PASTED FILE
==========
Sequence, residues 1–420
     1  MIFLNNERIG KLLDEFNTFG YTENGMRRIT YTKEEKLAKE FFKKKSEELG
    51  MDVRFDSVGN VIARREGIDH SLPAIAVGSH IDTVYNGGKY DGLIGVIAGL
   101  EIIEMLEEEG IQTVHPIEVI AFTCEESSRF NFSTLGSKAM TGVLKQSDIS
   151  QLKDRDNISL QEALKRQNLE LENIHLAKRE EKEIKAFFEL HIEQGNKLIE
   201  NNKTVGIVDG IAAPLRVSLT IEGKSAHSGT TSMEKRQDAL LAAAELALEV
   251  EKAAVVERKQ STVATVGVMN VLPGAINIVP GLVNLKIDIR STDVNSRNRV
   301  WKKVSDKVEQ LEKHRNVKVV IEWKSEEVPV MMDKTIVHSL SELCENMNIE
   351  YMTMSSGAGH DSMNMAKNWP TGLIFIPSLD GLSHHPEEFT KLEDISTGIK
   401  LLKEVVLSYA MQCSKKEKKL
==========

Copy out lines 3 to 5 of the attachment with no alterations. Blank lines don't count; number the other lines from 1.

    51  MDVRFDSVGN VIARREGIDH SLPAIAVGSH IDTVYNGGKY DGLIGVIAGL
   101  EIIEMLEEEG IQTVHPIEVI AFTCEESSRF NFSTLGSKAM TGVLKQSDIS
   151  QLKDRDNISL QEALKRQNLE LENIHLAKRE EKEIKAFFEL HIEQGNKLIE